The Sunni are called this name because they believe that only the “Sunna” is authoritative for Islam. They accept the Qur'anic Law; the "orthodox" foundations of the holy Qur'an, Hadith and the Shari'a law based on only these. They do accept no lineage of visible representatives from the line of Muhammad. The existing government is based on the current interpretation and application of the Sunna. For the Sunnis, the term Imam is used for any prayer and worship leader in the local mosque. This can be any Muslim and not necessarily a hereditary leader.
The name Shi'a comes from the phrase “shi'at ¢Ali”, meaning "the party of 'Ali." This was the group who supported Ali, the Fourth Caliph or the Fourth successor of Muhammad, and believe that it should be his hereditary descendants that succeed as Caliphs after his death. Those who became known as the Sunni supported Mu'awiya of the Ummayad clan, who had opposed' Ali during his life, and who seized power at Ali's death. They then declared that his son would be his successor. The Shi'a consider the Imams to be the visible representatives of Muhammad, who are supposed to be hereditary descendants of ' Ali. This is where the divide originated for the Sunni and Shi'a who sometimes war with one another even today. They differ as to who the rightful Imam is. Among this confusing array as to who is the real and rightful Imam is, is the so called “hidden Imam” who has visible representatives now that addresses the “umma” or community of the believers. In this case, it is the representative of the hidden Imam that gives directions in any current situation.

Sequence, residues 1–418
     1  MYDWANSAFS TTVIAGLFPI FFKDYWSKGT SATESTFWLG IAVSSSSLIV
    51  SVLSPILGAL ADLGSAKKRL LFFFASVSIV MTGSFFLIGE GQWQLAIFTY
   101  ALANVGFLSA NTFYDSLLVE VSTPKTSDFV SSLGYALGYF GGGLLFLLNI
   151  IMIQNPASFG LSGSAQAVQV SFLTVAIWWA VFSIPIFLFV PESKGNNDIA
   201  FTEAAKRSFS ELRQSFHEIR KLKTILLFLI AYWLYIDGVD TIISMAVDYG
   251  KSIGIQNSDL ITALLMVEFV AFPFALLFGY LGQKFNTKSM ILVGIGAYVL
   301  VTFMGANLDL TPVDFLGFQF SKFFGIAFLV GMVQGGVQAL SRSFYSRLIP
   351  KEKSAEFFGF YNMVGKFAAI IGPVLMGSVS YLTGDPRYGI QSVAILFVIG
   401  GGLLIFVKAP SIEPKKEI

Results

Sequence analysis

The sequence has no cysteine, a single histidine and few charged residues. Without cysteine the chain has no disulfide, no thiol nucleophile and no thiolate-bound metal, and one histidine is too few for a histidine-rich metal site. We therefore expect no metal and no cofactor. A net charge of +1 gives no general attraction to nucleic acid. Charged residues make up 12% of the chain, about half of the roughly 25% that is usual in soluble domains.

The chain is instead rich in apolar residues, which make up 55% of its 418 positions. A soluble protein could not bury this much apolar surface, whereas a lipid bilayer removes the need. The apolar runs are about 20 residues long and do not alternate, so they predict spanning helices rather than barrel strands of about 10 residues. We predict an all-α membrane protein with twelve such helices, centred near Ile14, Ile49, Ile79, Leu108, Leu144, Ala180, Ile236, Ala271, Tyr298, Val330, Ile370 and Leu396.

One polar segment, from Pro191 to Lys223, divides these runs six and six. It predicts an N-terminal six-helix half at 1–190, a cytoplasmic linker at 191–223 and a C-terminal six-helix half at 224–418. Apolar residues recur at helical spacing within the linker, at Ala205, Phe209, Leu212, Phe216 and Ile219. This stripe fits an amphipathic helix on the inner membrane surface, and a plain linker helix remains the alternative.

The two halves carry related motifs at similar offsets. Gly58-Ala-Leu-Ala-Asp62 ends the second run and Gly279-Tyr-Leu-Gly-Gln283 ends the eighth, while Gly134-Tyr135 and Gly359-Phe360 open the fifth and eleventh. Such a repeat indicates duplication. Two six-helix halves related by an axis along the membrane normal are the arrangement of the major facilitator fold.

Medina is considered one of the holiest sites in Islam as this is the burial site of Mohammad the prophet.
Some of the results of Sharia Law
Into this confusion came the adherents to the 7th (765 AD) and 12th (878 AD) Imams. Even the followers of the 7th Imam split as to who the real Imam was. There followed right up to the current era, many other derivatives, just as we witness in Christian history. There are too many variations to deal with in this context as it is Sharia Law that we are seeking understanding.
The Sufis, originating in the 13th century, comprise a broad meditative mystical movement across Islam that are now centered in Turkey. As a sub group of Sunnis, they believe in no mediator between God and the individual. This evolution likely was in response to all the confusion as to who was the real hereditary Imam. Of course, not all Muslims followed this thinking. Sufis often have a sense of personal "conversion," with an emphasis on the individual's personal relationship to God, an idea promoted in the Masnavi of Jalal-ad-Din Rumi. The use the Masnavi as well as the Koran and are known for their distinctive dance, the “sema” or turning as we see in the graceful dance of the Whirling Dervishes. Sufis are found today in Somalia, Kenya, Egypt, North Africa and Turkey. Most Somalis are associated with some Sufi order and Arabs in East Africa are identified with Sufi orders.
The Ahmaddiya Muslim group believes that the Mahdi/Messiah returned in the Indian Hazrat Ghulam Ahmed in 1835. They have a world wide and well-organized missionary society and publishing program. Ahmed even claimed to be a “reincarnated” Jesus as the returning Mahdi/Messiah. He meant to unite all true Muslims and Christians into a single true religion, but he was rejected by both religions. The Ahmaddiya world headquarters is in Lahore, Pakistan. Ahmaddiyas are refused permission to make the Hajj. The Pakistan government has reported to Sa'udi officials that the Ahmaddiyas are not true Muslims, and based on this, they are excluded.